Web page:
SKY REPORTER: Comet PanSTARRS Visits
by Steve Beyer on
Comet PanSTARRS (C/2011 L4) is due in our western evening skies and should be worth looking for as evening twilight is fading about a half hour after sunset during middle weeks of March.
Early evenings from about March 7 through the 19th are expected to offer the best opportunities to view comet PanSTARRS. Binoculars are a definite plus as we pan across areas of western sky within 10 degrees of the horizon looking to spot the comet’s tail extending up from the direction of the recently set Sun. During the early evening of March 12th the comet is several degrees of arc to the left of a thin crescent moon. Early the following evening the wider lunar crescent is about 10 degrees above PanSTARRS.
Some estimates predict the comet’s extended tail will range in brightness between magnitudes zero and one during this period. That would make it about as vivid at maximum as stars such as Rigel, Capella, and Procyon, then fade somewhat to the brightness of first magnitude Betelgeuse and Aldebaran by mid-March. Other predictions suggest the comet will only be as bright as second magnitude stars of the Big Dipper. That being said, and keeping in mind the unpredictable nature of comets, we look forward to judging for ourselves the success of these predictions.
The following NASA video tells what we might expect from this comet:
Friday March first sunrise in New York City is at 6:29 a.m. Eastern Standard Time. That evening the Sun located in Aquarius sets at 5:47 p.m.
Friday March 15th, sunrise is at 7:07 a.m. and sunset occurs at 7:03 p.m., Eastern Daylight Time.
On the last day of the month, Sunday the 31st, the Sun is in Pisces rising at 6:41 a.m. and setting at 7:20 p.m. The altitude of the sun at solar noon, its maximum daily elevation, increases during March from 42 degrees of arc on the first to 54 degrees on the 31st. The duration of daylight this month increases by one hour and 21 minutes.
During March average nighttime temperatures recorded at Central Park increase from 31 degrees Fahrenheit on the first to 40 degrees on the 31st.
Principal Phases of the Moon are:
|Last Quarter||March 4|
|New Moon||March 11|
|First Quarter||March 19|
|Full Moon||March 27|
At the start of the month Mars, Mercury, Venus, and Neptune are all close to the direction of the Sun and difficult to see due to twilight. On the other hand, Jupiter remains a vivid feature in Taurus, and Saturn is rising progressively earlier during evening hours.
Mercury, in Pisces, sets at 6:17 p.m. on March 1st. On the last day of the month it will have moved into the pre-dawn sky within boundaries of the constellation Aquarius and rises at 5:45 a.m.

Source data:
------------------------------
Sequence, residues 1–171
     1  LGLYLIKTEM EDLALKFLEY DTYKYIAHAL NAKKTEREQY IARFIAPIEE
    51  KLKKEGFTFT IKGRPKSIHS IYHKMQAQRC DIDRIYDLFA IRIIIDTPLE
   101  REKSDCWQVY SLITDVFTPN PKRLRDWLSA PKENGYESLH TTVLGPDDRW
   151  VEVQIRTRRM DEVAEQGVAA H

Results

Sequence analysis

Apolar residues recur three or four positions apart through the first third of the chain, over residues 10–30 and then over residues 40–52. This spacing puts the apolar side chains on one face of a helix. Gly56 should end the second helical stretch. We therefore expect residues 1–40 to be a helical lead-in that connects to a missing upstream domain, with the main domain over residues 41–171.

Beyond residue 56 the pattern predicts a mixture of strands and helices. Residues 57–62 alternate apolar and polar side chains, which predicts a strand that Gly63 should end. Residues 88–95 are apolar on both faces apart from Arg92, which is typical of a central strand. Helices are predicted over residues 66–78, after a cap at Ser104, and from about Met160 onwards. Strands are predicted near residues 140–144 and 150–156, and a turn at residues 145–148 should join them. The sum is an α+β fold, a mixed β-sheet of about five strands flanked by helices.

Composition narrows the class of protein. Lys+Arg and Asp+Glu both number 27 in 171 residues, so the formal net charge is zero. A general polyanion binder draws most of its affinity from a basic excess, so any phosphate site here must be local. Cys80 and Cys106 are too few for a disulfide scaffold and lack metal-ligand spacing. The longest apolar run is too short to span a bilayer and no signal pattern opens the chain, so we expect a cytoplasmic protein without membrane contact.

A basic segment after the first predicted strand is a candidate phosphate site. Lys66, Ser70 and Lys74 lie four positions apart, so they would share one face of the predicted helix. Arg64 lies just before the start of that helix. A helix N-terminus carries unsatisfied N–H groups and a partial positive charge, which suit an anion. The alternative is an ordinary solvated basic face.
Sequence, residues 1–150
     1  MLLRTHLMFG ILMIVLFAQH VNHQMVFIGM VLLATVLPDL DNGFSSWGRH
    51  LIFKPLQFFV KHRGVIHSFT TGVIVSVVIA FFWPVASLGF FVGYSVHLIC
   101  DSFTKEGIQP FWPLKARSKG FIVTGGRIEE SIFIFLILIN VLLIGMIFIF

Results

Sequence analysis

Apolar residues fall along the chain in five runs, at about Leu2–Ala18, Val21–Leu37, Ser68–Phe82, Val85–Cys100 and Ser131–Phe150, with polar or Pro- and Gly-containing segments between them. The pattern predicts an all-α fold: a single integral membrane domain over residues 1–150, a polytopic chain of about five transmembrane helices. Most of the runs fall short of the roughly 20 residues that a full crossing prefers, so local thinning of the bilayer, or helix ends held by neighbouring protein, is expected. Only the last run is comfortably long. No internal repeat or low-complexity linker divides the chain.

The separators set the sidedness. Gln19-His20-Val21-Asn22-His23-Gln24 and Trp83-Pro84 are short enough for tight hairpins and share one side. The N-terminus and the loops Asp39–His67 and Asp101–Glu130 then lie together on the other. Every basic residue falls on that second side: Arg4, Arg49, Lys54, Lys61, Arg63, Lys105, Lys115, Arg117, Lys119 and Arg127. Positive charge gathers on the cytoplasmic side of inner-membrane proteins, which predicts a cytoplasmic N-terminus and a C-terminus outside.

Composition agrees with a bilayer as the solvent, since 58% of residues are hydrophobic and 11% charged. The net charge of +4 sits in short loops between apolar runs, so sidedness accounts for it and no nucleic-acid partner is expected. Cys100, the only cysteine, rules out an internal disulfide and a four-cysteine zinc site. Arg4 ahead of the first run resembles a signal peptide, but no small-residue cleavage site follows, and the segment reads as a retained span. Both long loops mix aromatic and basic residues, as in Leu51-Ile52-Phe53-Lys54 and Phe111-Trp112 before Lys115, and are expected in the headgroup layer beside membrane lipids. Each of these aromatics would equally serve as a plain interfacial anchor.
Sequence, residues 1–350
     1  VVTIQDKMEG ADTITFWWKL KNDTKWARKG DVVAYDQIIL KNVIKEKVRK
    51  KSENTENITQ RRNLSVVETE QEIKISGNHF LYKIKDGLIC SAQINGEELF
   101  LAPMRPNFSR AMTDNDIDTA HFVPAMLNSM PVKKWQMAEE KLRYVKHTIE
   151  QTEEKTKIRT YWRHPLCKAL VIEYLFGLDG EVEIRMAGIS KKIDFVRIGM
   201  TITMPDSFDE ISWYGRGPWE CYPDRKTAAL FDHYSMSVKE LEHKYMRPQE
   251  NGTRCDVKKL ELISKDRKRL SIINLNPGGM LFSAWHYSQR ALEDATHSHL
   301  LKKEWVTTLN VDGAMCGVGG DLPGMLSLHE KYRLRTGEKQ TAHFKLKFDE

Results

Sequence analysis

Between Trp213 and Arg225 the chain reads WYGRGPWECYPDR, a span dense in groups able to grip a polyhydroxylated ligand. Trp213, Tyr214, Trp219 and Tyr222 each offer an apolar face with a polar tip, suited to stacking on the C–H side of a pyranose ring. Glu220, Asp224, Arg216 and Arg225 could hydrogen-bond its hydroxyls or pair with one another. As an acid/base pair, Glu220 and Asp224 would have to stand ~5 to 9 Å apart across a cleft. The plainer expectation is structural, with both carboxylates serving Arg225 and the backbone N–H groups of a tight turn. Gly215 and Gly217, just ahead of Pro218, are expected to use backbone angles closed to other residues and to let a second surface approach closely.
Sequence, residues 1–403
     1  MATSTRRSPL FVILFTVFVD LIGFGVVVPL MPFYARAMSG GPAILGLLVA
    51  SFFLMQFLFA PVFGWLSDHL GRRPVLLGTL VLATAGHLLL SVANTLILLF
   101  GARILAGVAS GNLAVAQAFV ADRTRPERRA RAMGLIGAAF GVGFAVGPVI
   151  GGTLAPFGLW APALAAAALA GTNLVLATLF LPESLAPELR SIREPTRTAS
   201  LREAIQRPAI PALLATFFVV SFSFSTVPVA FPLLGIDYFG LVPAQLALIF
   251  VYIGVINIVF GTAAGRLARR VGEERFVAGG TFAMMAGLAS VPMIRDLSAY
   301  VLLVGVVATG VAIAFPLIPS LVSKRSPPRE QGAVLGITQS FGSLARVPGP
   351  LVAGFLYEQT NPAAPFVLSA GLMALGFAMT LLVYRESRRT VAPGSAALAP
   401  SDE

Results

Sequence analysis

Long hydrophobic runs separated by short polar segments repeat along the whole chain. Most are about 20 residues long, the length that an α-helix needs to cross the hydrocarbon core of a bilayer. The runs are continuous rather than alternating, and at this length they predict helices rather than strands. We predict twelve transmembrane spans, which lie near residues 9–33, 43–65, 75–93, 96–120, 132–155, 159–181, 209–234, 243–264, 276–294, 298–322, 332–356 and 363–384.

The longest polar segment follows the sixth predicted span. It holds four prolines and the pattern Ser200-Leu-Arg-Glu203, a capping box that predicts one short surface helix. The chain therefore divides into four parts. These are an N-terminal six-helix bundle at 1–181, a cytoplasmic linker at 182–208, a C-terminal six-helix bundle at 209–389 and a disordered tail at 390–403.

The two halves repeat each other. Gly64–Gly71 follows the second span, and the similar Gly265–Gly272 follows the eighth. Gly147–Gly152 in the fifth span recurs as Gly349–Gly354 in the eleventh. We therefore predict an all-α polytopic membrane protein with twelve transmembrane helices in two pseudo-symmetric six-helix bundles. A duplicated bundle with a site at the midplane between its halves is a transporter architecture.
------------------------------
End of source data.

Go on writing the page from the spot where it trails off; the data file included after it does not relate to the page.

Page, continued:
Venus rises shortly before the Sun at 6:21 a.m. at the start of March. On the 31st it sets with the Sun in Pisces.
On the first of March Mars is in Aquarius, setting at 6:37 p.m. By month’s end it exits the sky at 6:36 p.m. in Pisces.
Jupiter sets at 1:04 a.m. on March 1st and by month’s end sets at 12:26 a.m.
During March Saturn is in Libra. On the first of the month it rises above the southeastern horizon at 10:36 p.m., and on the night of the 31st it rises at 9:32 p.m.
Uranus is in Pisces. On the first night of March it sets at 7:53 p.m. At month’s end it sets at 7:03 p.m.
Neptune remains in Aquarius rising at 6:14 a.m. on March 1st, and rises at 5:19 a.m. on March 31st.
During hours after midnight Monday March 4th, the Third Quarter Moon is in the vicinity of Antares and stars at the western part of the constellation Scorpius.
Daylight Saving Time starts at 2 a.m. the morning of Sunday March 10, when we set our clocks springing forward one hour.
During the night of Sunday March 17th, the waxing crescent Moon is near Jupiter in Taurus, when about two degrees of arc separate these bright objects.
The evening of Tuesday the 19th, the first quarter moon is in the constellation Gemini, near the most northerly point on the ecliptic. This night the Moon is also near the direction of comet ISON. Our ISON monitoring continues with that potentially brilliant comet still faint at 16th magnitude. During March it’s in the northern part of Gemini, about half way between brilliant stars Capella in Auriga and Procyon in Canis Minor.
Spring begins in the Northern Hemisphere at 7:02 a.m. the morning of Wednesday March 20th. At that time the Sun is directly over a point in the Republic of the Congo, on the equator at 16 degrees five minutes east longitude.
Tuesday March 26 our colleague Joe Rao will be at the Hayden Planetarium Space Theatre for his Astronomy Live lecture presenting “Spring Skies - A Comet is Coming!”
Wednesday the 27th the Full Moon is in the constellation Virgo, seven degrees west of first magnitude star Spica. March’s Full Moon is variously called the Full Storm, Sap, or Worm Moon, allusions to terrestrial goings on at this time of year.
During the nights of March 28th and 29th, the waning gibbous Moon will be near Saturn.
On the last day of March Mercury is at its greatest western elongation from the Sun, at an angular distance of 28 degrees.
March brings the passing of magnificent constellations of winter as they settle towards the western horizon during hours after evening twilight. At these times decidedly less vivid constellations that typify springtime evenings are rising in the east. Stars currently in that portion of the sky are generally in a direction away from the disk of the Milky Way Galaxy and dramatic stellar concentrations in and around Orion.
Rather than dwelling on the end of one celestial season, let’s celebrate the return of beautiful although moderately bright star patterns such as the Sickle of Leo, the Big Dipper, and the rise of brilliant Arcturus, what I call the star of springtime!